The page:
Despite these challenges, persons with disabilities and their organizations were among the first to respond to the immediate needs of their communities for food and supplies during lockdowns in addition to continuing their long-term work to support vulnerable groups.

ESCAP partnered with several of these organizations to support their work during the pandemic. Samarthyam, a civil society organization in India led by a woman with disabilities, has trained many men and women with disabilities to conduct accessibility audits in their home districts. With these skills, they are becoming leaders and advocates in their communities, working towards improving the accessibility of essential buildings everywhere.

Another ESCAP partner, the National Council for the Blind of Malaysia (NCBM), is working to improve digital accessibility by training a group with diverse disabilities in web access auditing, accessible e-publishing and strategic advocacy. NCBM hopes to support participants in forming a social enterprise for web auditing and accessible publishing, creating employment opportunities and enabling persons with disabilities to lead efforts to improve online accessibility.

Women and men with disabilities have been leaders and champions to break barriers to make a difference in Asia and the Pacific. Today, ESCAP launches the report “Disability at a Glance 2021: The Shaping of Disability-inclusive Employment in Asia and the Pacific.” The report highlights some innovative approaches to making employment more inclusive, as well as recommendations on how to further reduce employment gaps. 

Adjusting to a post-COVID-19 world presents an opportunity for governments to reassess and implement policies to increase the inclusion of persons with disabilities in employment, decision making bodies and all aspects of society. Accessibility issues impact not only persons with disabilities but also other people in need of assistance, including older persons, pregnant women or those with injuries. Implementing policies with universal design, which creates environments and services that are useable by all people, benefits the whole of society. Governments should mainstream universal design principles into national development plans, not only in disability-specific laws and policies.   

As a global leader in disability-inclusive development for over 30 years, the Asia-Pacific region has set an example by adopting the world’s first set of disability-specific development goals in the Incheon Strategy to “Make the Right Real.” Meeting the Incheon Strategy goals will require governments to intensify their efforts to reduce barriers to education, employment and political participation.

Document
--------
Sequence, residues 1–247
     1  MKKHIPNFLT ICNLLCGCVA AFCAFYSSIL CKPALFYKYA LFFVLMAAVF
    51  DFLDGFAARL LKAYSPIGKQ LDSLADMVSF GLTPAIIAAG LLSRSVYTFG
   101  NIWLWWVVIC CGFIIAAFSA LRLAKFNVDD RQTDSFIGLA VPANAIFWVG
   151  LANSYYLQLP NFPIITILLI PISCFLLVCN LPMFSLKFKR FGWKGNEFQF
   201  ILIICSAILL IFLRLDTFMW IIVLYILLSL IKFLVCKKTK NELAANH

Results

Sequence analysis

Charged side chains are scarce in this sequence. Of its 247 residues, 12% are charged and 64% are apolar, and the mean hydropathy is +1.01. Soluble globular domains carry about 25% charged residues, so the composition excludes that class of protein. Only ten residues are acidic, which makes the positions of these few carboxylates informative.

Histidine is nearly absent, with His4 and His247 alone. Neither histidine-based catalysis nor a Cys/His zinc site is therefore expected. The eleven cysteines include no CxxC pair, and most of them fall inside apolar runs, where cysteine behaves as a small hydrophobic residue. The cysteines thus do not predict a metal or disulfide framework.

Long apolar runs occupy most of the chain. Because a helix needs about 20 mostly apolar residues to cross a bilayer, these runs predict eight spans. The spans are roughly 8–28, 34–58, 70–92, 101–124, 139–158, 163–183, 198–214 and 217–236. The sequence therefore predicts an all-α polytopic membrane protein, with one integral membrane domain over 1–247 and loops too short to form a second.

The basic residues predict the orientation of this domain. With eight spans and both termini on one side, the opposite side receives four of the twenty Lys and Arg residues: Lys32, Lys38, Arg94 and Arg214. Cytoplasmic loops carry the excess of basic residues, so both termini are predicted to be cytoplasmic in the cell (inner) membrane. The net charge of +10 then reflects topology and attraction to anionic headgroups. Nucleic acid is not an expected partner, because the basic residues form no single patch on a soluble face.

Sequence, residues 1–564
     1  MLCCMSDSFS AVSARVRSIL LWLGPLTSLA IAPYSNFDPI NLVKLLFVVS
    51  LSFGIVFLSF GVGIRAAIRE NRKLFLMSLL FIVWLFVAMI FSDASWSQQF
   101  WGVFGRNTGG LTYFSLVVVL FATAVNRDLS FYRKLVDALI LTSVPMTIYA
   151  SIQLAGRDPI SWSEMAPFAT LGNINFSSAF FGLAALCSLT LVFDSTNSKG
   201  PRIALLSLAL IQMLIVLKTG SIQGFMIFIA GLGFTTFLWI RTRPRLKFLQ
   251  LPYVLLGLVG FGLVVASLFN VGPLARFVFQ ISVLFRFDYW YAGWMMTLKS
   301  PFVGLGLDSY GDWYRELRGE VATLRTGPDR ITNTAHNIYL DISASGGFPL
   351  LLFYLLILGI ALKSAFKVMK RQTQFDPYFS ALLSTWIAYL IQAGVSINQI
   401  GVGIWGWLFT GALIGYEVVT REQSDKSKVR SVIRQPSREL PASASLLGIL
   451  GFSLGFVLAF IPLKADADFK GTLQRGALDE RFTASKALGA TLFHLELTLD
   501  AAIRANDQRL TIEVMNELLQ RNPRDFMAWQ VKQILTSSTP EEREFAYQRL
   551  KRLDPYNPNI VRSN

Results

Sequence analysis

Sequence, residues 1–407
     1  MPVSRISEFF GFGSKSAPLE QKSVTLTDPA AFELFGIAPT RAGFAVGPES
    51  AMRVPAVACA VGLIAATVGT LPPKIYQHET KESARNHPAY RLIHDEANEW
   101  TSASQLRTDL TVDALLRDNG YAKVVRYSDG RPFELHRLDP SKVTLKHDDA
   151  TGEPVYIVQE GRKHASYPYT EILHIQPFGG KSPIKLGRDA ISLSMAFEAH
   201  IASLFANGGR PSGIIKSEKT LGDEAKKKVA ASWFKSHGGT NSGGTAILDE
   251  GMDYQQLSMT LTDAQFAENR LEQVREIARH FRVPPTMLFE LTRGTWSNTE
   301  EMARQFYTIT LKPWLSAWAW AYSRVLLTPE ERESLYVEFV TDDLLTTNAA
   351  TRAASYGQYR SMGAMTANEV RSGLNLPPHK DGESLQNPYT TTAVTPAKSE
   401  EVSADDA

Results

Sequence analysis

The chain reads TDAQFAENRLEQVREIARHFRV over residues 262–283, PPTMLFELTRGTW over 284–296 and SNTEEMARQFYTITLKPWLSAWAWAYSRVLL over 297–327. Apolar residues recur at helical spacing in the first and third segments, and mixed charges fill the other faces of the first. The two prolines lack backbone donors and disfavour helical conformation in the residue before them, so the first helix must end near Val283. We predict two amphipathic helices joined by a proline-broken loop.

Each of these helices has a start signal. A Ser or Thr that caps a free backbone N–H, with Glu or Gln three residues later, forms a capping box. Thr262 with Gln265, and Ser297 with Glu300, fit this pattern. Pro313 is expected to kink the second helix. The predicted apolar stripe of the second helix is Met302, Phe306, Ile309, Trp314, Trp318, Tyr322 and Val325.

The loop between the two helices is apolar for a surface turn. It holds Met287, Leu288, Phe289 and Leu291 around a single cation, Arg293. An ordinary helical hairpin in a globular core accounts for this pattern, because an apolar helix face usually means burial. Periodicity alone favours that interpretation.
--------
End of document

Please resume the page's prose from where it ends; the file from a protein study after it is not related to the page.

At ESCAP, we know that achieving an inclusive and sustainable post-COVID-19 world will only be possible with increased leadership and participation of persons with disabilities. To build back better — and fairer — we will continue to strengthen partnerships with all stakeholders so together we can “Make the Right Real” for all persons with disabilities.

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New Social Compact

Remote Learning during the pandemic: Lessons from today, principles for tomorrow 

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Education systems around the world reacted to COVID-19 by closing schools and rolling out remote learning options for their students as an emergency response.  New World Bank analysis of early evidence reveals that while remote learning has not been equally effective everywhere, hybrid learning is here to stay.

Going forward, for remote learning to deliver on its potential, the analysis shows the need to ensure strong alignment between three complementary components: effective teaching, suitable technology, and engaged learners.

“Hybrid learning – which combines in-person and remote learning – is here to stay. The challenge will be the art of combining technology and the human factor to make hybrid learning a tool to expand access to quality education for all,” emphasized Jaime Saavedra, World Bank Global Director for Education.  “Information technology is only a complement, not a substitute, for the conventional teaching process – particularly among preschool and elementary school students. The importance of teachers, and the recognition of education as essentially a human interaction endeavor, is now even clearer.”